October 12-17, 2020 is International OCD Awareness Week (06/10/2020)

October 6, 2020 - Media Release – For Immediate Distribution

October 12-17, 2020 is International OCD Awareness Week

( www.cpa.ca, www.iocdf.org )


Many of us have seen or heard references to OCD in popular movies, tv and media.  But few actually understand what it is, how it impacts individuals, and how it can be treated.

Obsessive compulsive disorder (OCD) affects approximately 1-2% of Canadians at some point in their lives.  In can emerge in childhood, adolescence or early adulthood.   Typically emerges ages 8-12, or late teens/early adulthood.  Average age of onset is 9-10.   It rarely has initial presentation after the age of 40.

OCD is a chronic anxiety disorder with symptoms that wax and wane in response to life stresses and events

Obsessions are unwanted recurrent, persistent, intrusive thoughts, images or impulses that cause significant distress.  These thoughts are usually irrational or excessive worries that the person recognizes are highly unlikely.

Common obsessions include:

  • contamination (e.g. germs, dirt)
  • losing control (fear of acting on an impulse to harm self or others)
  • harm (fear of being responsible for something terrible happening)
  • perfectionism (evenness/exactness, needing things to be “just right”)
  • unwanted sexual thoughts (forbidden or perverse sexual thoughts/images)
  • religious obsessions (obsessive concern about right/wrong/morality)
  • other (concern about getting a physical illness, superstitious ideas)

Compulsions are repetitive behaviours or mental acts that individuals perform in order to prevent or reduce distress (e.g. repetitive hand washing, repeated checking, counting to a certain number, repeating a particular behaviour).   They can be time-consuming, interfere with daily functioning, and only provide very short-term relief.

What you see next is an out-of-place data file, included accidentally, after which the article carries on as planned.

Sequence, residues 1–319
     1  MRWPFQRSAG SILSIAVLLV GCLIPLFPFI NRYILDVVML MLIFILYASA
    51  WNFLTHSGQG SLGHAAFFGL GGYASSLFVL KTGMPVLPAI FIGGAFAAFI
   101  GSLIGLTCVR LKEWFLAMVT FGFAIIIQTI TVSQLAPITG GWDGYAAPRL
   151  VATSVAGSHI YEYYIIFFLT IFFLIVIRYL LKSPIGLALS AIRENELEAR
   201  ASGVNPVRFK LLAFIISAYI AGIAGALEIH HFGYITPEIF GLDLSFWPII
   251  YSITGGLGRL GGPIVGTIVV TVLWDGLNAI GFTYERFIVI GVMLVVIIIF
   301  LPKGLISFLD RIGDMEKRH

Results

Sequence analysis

Common compulsions include:

  • washing and cleaning (excessive washing of hands, showering, cleaning objects)
  • checking (checking body parts, checking that no harm occurred, no mistakes made)
  • repeating (rereading/rewriting, repeating routine activities, body movements, “magic” numbers)
  • mental compulsions (mentally reviewing how to prevent harm)
  • other (arranging things until they feel “right”, repeatedly seeking reassurance)



Behaviour therapy has been shown to be highly effective in treating OCD.  Treatment involves exposure (experiencing the fearful situation) and response prevention (taking steps to prevent the compulsive behaviours or rituals).  Cognitive behavioural therapy (CBT) includes cognitive interventions that help people change the thoughts related to the OCD symptoms.  In some cases anti-anxiety medications may also be necessary. 



PANDAS –Pediatric Autoimmune Neuropsychiatric Disorder Associated with Streptococcus involves the sudden, rapid onset of OCD following Strep A infection. 

PANS – Pediatric Acute-onset Neuropsychiatric Syndrome (PANS) – similar but associated with infections such as mononucleosis, Lyme disease, H1N1 virus.

In contrast to gradual onset of pediatric OCD, symptoms occur rapidly (within days) and may quickly become severe.  In addition to the OCD symptoms, may also include separation anxiety, disordered eating, tics, urinary frequency, and handwriting difficulty.

These are felt to be caused by the autoimmune antibodies mistakenly attacking the basal ganglia area of the brain rather than the infection. 

Typically affects children 4-14.

Treatment include antibiotics for the active infection, Intravenous Immunoglobulin (IVIG) in more severe cases and cognitive-behavioural interventions. 


Media interviews with a Psychologist on this (or other topics), can be arranged by contacting Dr. Janine Hubbard at 682-0235 or janine@janinehubbard.com


Click here for the Press Release (PDF)

Back to News